Policymakers are tasked with addressing climate change in the face of uncertainty: the 2013 IPCC report projects average global temperatures will increase by anywhere from 5 to 10 °F (3 to 6 °C) in the coming century if we continue on our path of greenhouse gas emissions.
The uncertainty is compounded by the fact that the consequences of any temperature change are unknown, including how something as basic as human fertility might be affected.
Understanding how climate change will affect fertility is an important economic concern. According to World Bank estimates, in the United States and many European countries, a woman has fewer than two children on average by the end of her reproductive life.
These “below-replacement” birth rates are already putting stress on programs that are funded by the working-age population, like Social Security. Any additional decline in births due to climate change could only make this worse.
Global warming might directly affect fertility in two key ways.
First, hot weather could affect sexual behavior. After all, physically demanding activities are more difficult at high temperatures.
Second, temperature could negatively influence reproductive health factors such as sperm motility and menstruation. There are some pretty compelling experimental studies on mammals to support this possibility.
It is these two potential links that led us to hypothesize that global warming might be a threat to human reproduction, something that had yet to be thoroughly investigated by scientists and policymakers.
Our recent NBER study, “Maybe Next Month? Temperature Shocks, Climate Change, and Dynamic Adjustments in Birth Rates,” tests this hypothesis using data on temperature and birth rates from the United States from 1931 to 2010.
Up until recently, there was little consensus regarding temperature’s effect on fertility due to the dearth of experimental evidence. We cannot quantify climate’s role by simply comparing birth rates in “hot” and “cold” places—Louisiana is different from New York in more ways than just weather.
To isolate the effects of temperature, our study relies on a natural experiment: weather fluctuations from year to year in each US state are effectively random. We tested to see if births in Louisiana changed after an unusually hot August.
Our study also controls for many social and economic factors that are changing over time, including economic opportunities for women and access to birth control. While we don’t discount their importance, we were interested in quantifying temperature’s effect above and beyond these other factors.
We focus on the effects of “hot days,” which we define as days where the average daily temperature is above 80 °F (27 °C). Because we averaged the minimum and maximum temperature, the daytime temperature on these days is usually above 90 °F (32 °C), which most of us would find to be very hot.
The core finding is that hot days lead to a reduction in birth rates eight to 10 months later. The effect size is largest at nine months: on average, each hot day reduces birth rates nine months later by 0.4% or about 1,100 births. Importantly, the data also show that air conditioning played a major role in minimizing the impact that hot days pose for fertility.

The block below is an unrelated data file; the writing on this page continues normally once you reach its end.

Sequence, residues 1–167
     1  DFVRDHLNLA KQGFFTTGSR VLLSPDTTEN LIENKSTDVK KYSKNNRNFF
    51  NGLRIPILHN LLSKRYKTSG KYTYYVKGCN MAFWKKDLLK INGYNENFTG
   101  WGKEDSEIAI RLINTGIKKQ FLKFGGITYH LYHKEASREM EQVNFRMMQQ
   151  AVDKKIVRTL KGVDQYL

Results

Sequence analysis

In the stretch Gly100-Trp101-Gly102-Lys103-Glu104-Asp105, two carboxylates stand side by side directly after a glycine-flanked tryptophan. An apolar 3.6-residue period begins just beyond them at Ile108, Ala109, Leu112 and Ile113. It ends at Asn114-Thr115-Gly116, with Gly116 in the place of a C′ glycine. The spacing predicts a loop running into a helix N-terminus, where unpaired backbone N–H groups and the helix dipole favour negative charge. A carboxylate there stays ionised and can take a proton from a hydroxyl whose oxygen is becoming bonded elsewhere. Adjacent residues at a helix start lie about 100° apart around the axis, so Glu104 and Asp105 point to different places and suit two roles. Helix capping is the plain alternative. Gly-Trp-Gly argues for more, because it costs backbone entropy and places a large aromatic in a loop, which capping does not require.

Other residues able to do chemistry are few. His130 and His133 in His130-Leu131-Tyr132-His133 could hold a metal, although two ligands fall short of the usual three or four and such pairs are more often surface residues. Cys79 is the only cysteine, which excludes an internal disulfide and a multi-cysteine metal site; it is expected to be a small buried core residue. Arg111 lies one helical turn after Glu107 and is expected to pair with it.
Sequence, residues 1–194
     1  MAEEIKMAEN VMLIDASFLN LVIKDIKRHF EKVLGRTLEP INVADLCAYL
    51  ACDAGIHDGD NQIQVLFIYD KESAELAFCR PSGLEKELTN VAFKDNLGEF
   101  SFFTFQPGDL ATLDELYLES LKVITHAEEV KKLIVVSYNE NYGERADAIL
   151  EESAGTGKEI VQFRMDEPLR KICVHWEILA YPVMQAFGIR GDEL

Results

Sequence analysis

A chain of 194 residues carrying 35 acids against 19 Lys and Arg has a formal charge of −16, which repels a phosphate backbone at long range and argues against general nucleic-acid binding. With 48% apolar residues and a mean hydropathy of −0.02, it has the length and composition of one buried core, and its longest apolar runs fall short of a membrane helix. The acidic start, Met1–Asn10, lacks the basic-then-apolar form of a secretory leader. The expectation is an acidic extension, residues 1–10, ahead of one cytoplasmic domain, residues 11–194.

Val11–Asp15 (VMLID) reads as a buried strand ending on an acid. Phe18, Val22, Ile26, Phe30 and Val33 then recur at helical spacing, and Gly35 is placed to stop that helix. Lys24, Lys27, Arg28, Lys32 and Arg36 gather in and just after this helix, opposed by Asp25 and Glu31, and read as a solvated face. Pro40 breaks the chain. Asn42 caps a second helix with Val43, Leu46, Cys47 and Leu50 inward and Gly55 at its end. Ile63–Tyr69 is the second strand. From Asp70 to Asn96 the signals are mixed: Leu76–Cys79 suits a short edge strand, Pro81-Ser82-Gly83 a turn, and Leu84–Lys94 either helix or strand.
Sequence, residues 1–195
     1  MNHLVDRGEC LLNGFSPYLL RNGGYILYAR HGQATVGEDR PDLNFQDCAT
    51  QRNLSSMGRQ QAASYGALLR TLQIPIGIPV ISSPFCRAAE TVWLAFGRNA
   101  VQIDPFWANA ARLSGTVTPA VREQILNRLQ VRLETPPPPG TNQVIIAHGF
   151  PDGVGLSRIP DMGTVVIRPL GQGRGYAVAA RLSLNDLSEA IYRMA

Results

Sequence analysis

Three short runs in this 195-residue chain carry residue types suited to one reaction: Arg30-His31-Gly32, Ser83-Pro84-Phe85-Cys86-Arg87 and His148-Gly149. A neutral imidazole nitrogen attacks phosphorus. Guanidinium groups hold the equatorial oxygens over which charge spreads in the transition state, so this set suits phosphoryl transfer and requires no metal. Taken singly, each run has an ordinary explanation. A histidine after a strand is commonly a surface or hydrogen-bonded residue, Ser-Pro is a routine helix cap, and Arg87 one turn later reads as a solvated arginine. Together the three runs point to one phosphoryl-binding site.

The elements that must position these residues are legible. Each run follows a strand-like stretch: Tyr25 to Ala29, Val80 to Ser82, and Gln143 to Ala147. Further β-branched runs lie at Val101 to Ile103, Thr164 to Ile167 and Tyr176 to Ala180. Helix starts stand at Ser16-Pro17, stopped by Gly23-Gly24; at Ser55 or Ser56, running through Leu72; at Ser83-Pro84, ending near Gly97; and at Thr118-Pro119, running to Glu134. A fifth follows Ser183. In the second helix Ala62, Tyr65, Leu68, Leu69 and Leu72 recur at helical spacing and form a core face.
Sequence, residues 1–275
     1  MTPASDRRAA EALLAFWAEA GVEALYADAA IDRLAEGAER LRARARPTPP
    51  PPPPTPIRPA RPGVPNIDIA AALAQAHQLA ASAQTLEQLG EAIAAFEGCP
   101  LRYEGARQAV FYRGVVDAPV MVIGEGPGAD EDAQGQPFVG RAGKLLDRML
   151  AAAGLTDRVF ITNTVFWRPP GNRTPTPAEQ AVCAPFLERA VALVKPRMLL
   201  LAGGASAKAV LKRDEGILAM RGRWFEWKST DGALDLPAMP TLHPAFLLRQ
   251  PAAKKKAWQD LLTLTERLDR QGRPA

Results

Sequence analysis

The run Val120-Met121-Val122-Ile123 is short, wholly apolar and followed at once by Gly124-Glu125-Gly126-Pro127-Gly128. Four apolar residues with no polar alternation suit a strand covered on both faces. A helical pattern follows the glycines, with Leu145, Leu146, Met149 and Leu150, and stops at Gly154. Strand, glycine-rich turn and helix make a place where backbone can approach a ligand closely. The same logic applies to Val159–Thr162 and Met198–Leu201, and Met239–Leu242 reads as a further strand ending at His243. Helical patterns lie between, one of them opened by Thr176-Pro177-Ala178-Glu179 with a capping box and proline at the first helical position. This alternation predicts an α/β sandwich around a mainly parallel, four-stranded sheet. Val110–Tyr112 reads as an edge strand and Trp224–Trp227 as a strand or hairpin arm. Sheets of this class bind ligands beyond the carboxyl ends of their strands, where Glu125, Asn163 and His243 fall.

Our study also explores whether the initial decline in birth rates is offset by an increase in the following months. The data show only a partial (32%) “rebound” in birth rates in the three months after the initial decline, possibly due to lingering health effects, work constraints, or the natural decline in reproductive health with age. This suggests that these shocks could reduce the number of children a woman has over the course of her reproductive life—a growing concern for the United States and many countries.
As one limitation of our study, we tested for a rebound in births for only up to one year after the initial decline, so there could be some longer-term rebound for which we do not account.
While sexual behavior could certainly be influenced by hot weather, we present some novel evidence to suggest that reproductive health is especially vulnerable. If the story were just about temperature making sex uncomfortable, then we would only see a fall in births eight to nine months later. Instead, we find that birth rates also fall 10 months later, suggesting that hot days have lasting health effects. However, more research is needed to definitively verify this hypothesis.
Currently, the United States experiences nearly 30 hot days per year. A prominent global circulation model projects that the United States will experience a tripling of the number of hot days to about 90 by the end of the 21st century.
We project that this warming will cause the number of births to fall by about 107,000 per year by then. There will also be more summer births, due to the rebound, which will expose pregnancies to considerably hotter days during the third trimester and will threaten infant health.
As a caveat, these projections focus exclusively on the fertility cost of heat stress and do not offer insight into the costs of natural disasters or other major social changes resulting from climate change.
Should nothing be done to mitigate climate change, our study indicates that air conditioning can lower the fertility costs. But, we caution that in order to avoid exacerbating climate change, any increase in energy use for air conditioning must be offset with decreases in emissions in other parts of the economy.
While our study offers lessons from the United States, it is uncertain how global warming might impact fertility elsewhere in the world.
Many developing countries, like India, already experience hotter climates than the United States. As a result, these developing countries are more likely to feel the effects of climate change, which could include worse fertility outcomes.
Unfortunately, this is one more area where the costs of climate change are uncertain.